5 Reasons You Should Visit Japan in the Fall
Japan prides itself on having four distinct seasons. Winter is dry and unforgivably cold. Summer is wet and Louisiana Bayou hot. Japan’s spring is world renowned for its brilliant pink and white cherry blossoms and temperate weather. However, fall may be one of Japan’s best kept secrets.
So if you’re thinking of visiting Japan but can’t decide which time of year would be the best, let me give my 5 reasons you should visit Japan in the fall.
1. Beautiful Fall Foliage
Few things are as picturesque as the changing of the leaves in Japan. The earthy reds, yellows, golds and browns contrast beautifully against the dark wooden structures of Japan’s temples and shrines. Zen gardens, parks and city streets are surrounded by red Maple and yellow Ginkgo trees.
Not many experiences are more beautiful than walking along the ancient narrow streets of Kyoto in mid-November, or visiting a preserved mountain village in the Japanese Alps in mid-October.
2. Great Weather
Japan’s autumn season is very temperate and tends to be slightly warmer than the spring.
September is the hottest, with temperatures in the mid to low 80’s during the day and mid 70’s at night. There’s still a touch of humidity in the air, but it’s nothing you can’t handle. Shorts and polo shirt weather all the way.
October starts getting a little cooler with daytime temps in the mid 70’s and nights in the mid 60’s. This weather is perfect for shorts and a short-sleeve during the day and some khakis and a long-sleeve button down at night. I always travel with my trusty green fleece, just in case.
You can most likely get away with shorts during the day at the start of November. As the month goes on, it starts to become noticeably colder. So jeans or slacks, a light long-sleeve and a light to medium fleece should be enough for sightseeing during the day and a night out for dinner.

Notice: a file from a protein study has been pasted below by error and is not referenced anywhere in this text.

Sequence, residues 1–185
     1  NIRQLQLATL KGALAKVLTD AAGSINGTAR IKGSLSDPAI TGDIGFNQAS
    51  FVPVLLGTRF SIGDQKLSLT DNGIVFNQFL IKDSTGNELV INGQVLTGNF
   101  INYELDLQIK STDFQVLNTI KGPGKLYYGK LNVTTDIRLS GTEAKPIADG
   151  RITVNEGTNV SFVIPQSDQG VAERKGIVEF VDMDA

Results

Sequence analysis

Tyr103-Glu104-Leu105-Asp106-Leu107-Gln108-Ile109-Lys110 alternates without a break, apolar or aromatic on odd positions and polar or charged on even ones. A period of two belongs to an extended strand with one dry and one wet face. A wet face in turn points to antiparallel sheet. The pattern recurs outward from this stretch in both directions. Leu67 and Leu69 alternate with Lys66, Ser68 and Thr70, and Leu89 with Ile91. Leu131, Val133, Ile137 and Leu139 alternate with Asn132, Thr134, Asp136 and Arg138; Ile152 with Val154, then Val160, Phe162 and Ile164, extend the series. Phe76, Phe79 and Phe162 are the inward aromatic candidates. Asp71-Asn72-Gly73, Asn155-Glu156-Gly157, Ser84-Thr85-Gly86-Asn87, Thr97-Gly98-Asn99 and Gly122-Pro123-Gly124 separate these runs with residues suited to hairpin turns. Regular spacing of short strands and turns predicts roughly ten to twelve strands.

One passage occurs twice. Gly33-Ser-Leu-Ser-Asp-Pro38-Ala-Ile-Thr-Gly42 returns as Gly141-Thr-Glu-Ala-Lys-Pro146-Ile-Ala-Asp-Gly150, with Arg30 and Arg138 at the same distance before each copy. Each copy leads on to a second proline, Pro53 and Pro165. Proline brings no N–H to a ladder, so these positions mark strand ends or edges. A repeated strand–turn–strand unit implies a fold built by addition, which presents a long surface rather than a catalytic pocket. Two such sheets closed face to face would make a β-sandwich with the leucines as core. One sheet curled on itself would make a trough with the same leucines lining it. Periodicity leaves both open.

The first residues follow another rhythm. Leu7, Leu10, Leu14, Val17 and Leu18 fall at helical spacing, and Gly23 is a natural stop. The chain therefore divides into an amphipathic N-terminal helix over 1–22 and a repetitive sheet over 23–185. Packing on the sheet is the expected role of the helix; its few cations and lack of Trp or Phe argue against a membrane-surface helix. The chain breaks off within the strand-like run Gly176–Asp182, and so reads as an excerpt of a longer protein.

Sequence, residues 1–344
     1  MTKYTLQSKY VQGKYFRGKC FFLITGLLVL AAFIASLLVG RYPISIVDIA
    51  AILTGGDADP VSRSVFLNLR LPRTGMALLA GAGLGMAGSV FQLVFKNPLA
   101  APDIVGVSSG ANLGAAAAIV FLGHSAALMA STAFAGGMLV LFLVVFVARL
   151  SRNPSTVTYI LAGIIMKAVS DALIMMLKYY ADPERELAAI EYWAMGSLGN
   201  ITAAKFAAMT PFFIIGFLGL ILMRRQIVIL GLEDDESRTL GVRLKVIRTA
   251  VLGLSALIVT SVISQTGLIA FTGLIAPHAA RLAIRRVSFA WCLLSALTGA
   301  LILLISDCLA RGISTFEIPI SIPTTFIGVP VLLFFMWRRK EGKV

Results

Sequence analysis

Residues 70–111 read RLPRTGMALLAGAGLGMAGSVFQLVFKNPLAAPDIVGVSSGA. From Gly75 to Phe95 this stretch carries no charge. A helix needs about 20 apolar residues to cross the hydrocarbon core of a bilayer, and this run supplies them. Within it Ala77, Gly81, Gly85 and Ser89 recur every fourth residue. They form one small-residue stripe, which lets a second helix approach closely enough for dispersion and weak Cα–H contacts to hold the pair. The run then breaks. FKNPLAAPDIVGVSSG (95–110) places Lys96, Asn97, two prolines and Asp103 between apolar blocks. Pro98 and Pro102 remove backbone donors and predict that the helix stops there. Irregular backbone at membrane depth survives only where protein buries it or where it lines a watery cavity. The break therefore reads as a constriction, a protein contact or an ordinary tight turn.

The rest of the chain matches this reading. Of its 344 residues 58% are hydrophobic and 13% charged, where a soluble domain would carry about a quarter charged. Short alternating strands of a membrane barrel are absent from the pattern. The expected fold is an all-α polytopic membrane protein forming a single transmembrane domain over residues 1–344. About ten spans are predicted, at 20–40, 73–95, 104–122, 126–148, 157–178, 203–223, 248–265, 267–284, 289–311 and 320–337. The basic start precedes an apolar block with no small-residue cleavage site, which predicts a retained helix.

In all the time I’ve spent in Japan, it has always seemed that the fall has fewer rainy days than spring and summer. That being said, this is Japan and it does rain quite often so you’ll want a rain coat no matter when you visit.
3. Harvest Season
If you manage to get out of the city when you visit Japan in the fall, you’re sure to catch sight of farmers harvesting their rice. A trip to any rural mountain village, like the ones we visit on our Japan Tours, you’re sure to see golden rice fields just waiting to be reaped.
I snapped these pictures during one of our fall tours on a visit to Magome and Tsumago, two mountain villages along the Nakasendo Trail in the Kiso Valley.
4. Fewer People and Smaller Crowds
Spring and winter are the most popular among foreign visitors because it’s what we see in pictures and it’s what’s blogged about the most. Fall is under-rated! Not by the Japanese, they know how beautiful the autumn season is, but most foreign tourist don’t.
Fall at Todaiji Temple in Nara
Spring at Todaiji Temple in Nara
Fall in Takayama
Spring in Takayama
Fall’s crowds are smaller, transportation is quieter and everything seems a bit more relaxed. There are still crowds, but most of the tourists are Japanese getting out and seeing the beauty in their own back yard.
5. More Available Hotels
Hotels in Japan are expensive and hard to get, especially in the spring. Kyoto, Osaka, Hiroshima and Tokyo are the most popular destinations and it seems like there are not enough hotels to accommodate the number of tourists.
In contrast, hotels in the fall are more available and prices can be up to half of what they are in the spring. So it’s much easier to get a really nice hotel in a great location at a much more palatable cost.
In the end, there really is never a bad time to visit Japan. If you like smaller crowds and lower priced hotels, then I would recommend the fall. It’s different than the spring, but just as beautiful.